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Quickly Editing an XML File

By Zubair Ahmed and Scott Mitchell


Today virtually all Web sites use a traditional relational database for persistent storage, retrieval and modification of data. From an eCommerce website like to a news website like, all use a database (like SQL Server, MSAccess or others) for storage. Databases have numerous advantages, such as having a rich standardized querying language (SQL), providing transaction support, and good performance. Anytime you are building a professional-grade Web site, or are dealing with large amounts of data, it behooves you to use a database to store and retrieve the data.

Sometimes, though, for smaller Web sites or for small amounts of data, a database seems like a bit of overkill. Too, for Web site hosting companies that charge extra to have database support, it might not make sense to pay this extra fee if you only need to store a tiny bit of persistent information. In this article, I will demonstrate, how a simple XML file can be used to store, retrieve, modify and even delete records with the help of the DataGrid Web control. (For an in-depth discussion of the DataGrid, be sure to read Scott Mitchell's article series, An Extensive Examination of the DataGrid Web Control.)

Below is a sneak-peak of the user interface we'll be building for editing this XML file. Note that by the end of this article you'll be able to build a means to insert new records in an XML file, as well as update and delete existing records. Additionally, feel free to check out the live demo.

The DataGrid for editing/adding to the XML document.

What is an XML Document?

XML stands for eXtensible Markup Language, and offers a flexible, human-readable format for storing data. XML is a tag-based language, but unlike HTML, XML offers user-defined tags - that is, you can add tags in an XML document with any name you choose, you are not limited to a preset number of tags. XML documents, which are case-sensitive (unlike HTML), have strict rules regarding their formatting. For more information on what XML is be sure to read the FAQs at the XML FAQ Category on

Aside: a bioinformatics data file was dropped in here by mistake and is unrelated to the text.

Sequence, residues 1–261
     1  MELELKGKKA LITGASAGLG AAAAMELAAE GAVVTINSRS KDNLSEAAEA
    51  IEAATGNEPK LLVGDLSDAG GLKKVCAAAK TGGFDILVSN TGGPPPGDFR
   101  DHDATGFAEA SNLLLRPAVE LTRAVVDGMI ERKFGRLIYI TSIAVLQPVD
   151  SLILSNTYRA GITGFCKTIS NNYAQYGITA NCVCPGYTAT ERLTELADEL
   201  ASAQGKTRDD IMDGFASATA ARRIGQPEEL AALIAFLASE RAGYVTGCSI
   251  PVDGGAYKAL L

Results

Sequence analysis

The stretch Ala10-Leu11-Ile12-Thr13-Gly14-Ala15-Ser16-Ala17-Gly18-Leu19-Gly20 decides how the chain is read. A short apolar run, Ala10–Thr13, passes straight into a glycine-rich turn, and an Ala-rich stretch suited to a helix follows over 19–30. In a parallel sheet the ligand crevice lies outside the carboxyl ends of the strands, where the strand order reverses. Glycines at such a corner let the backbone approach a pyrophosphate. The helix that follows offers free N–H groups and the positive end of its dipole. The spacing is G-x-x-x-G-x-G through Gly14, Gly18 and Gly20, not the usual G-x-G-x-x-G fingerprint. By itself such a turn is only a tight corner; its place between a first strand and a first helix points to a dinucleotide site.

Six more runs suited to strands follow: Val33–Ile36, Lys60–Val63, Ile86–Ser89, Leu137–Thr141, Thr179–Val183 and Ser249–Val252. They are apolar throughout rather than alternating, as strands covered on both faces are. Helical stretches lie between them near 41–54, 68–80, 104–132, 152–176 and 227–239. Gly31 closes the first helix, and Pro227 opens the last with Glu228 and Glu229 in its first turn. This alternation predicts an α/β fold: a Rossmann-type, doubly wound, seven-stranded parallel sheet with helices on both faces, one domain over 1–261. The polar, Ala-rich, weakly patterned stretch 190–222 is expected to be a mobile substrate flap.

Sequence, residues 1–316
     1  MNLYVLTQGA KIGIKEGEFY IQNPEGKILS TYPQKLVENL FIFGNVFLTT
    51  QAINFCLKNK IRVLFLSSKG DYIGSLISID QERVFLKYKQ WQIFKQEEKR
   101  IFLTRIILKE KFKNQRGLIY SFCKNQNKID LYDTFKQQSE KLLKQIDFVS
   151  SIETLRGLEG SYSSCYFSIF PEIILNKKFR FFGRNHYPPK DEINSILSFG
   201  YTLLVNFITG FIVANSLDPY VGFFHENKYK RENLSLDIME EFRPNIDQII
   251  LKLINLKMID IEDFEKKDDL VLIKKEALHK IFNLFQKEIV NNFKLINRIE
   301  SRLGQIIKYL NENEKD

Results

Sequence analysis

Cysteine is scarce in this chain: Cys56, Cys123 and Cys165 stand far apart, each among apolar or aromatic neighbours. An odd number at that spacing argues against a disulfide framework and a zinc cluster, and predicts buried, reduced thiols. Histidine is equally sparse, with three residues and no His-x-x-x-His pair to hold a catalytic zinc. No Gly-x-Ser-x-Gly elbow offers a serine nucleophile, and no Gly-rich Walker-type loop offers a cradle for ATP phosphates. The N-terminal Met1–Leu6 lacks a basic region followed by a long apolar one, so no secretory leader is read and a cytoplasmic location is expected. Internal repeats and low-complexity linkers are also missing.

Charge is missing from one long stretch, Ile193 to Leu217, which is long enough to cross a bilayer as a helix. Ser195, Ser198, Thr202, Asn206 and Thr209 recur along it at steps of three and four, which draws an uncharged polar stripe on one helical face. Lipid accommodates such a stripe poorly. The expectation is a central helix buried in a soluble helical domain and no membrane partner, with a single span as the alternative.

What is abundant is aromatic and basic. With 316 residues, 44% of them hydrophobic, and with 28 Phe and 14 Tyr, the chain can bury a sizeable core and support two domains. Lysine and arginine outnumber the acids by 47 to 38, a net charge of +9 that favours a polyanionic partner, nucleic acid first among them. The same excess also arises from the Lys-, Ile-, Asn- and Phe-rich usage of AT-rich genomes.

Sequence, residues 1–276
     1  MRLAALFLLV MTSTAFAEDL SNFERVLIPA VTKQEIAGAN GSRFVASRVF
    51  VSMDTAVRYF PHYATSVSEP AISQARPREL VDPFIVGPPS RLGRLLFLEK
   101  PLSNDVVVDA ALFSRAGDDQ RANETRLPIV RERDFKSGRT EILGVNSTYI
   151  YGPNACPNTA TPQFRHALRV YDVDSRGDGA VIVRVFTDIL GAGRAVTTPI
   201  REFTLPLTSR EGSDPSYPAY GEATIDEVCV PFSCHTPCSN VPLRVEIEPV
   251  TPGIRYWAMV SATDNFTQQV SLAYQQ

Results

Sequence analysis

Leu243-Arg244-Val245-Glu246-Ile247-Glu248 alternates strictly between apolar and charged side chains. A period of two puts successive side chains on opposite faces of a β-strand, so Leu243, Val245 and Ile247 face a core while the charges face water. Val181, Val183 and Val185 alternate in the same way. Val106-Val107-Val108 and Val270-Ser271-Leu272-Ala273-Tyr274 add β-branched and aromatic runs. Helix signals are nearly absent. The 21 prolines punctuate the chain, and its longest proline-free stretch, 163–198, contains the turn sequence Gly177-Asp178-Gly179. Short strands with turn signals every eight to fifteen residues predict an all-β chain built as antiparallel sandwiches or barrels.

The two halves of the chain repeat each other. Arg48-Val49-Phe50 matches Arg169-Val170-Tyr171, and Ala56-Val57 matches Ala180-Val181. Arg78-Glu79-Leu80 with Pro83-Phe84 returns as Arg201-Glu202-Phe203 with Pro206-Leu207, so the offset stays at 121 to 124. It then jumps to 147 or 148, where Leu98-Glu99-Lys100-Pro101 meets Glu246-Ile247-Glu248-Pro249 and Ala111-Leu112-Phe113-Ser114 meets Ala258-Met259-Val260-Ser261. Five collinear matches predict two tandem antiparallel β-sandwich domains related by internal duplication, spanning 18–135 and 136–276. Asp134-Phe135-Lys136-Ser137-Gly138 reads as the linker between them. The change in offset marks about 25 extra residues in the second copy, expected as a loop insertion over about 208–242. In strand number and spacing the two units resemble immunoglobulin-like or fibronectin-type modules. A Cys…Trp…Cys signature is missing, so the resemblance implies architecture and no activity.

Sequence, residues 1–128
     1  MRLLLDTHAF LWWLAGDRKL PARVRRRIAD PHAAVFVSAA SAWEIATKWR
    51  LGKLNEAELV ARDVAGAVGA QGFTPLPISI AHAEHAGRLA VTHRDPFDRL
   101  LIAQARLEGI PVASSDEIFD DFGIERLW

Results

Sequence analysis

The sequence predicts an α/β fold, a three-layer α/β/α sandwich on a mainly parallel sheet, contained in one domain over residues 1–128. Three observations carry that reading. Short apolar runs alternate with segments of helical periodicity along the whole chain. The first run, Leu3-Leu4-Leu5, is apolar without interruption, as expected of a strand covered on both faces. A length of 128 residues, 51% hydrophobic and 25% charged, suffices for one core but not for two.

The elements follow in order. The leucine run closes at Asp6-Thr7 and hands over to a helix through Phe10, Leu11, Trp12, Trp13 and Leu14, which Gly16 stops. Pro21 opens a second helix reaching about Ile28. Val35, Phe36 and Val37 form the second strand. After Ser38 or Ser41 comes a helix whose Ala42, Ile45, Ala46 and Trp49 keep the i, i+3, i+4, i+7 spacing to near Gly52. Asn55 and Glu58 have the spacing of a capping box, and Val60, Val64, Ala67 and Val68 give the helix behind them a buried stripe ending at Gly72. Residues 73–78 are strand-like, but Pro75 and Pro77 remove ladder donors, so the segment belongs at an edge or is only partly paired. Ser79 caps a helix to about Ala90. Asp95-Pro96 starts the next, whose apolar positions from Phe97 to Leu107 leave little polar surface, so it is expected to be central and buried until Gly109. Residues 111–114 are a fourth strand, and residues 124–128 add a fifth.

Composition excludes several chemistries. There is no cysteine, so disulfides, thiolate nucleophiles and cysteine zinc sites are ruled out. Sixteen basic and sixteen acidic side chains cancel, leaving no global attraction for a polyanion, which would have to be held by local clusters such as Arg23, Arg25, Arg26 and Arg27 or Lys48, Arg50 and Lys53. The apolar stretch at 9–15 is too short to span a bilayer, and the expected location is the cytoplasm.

Examining the XML Document We'll be Working With

The code we'll be examining is designed to work with XML documents of the particular structure shown below:

<?xml version="1.0" standalone="yes"?>

Realize that the code we will be examining is dependent on the XML file's structure. So, if you need to edit or insert into an XML file with a different structure, you will need to edit the code presented here. (I'll point out what code sections need to be changed based on the structure of the XML document...)

Examining the Page_Load Event Handler

In the remainder of this article we'll look at the source code for the ASP.NET Web page bit-by-bit. You can download the complete code at the end of the article. Let's start our examination of the source code with the Page_Load event handler:

Sub Page_Load(sender as Object, E as EventArgs)
   If NOT IsPostBack Then
   End If
End sub

It first checks to see if that the page is not posted back to the server; if it is not it calls another subroutine, LoadXML(), which loads the XML data into the DataGrid. The affect of this is that the XML data is loaded into the DataGrid only on the first page visit. Upon subsequent postbacks, the data is reloaded from the ViewState. To further understand why this is needed, consider reading Why Your DataGrid's Updates Don't Show Up.

Looking at the LoadXML() Method

The first few lines of the LoadXML() method create a DataSet and populate it with the contents of the XML file titled sample.xml. This DataSet is then bound to the DataGrid DataGrid1.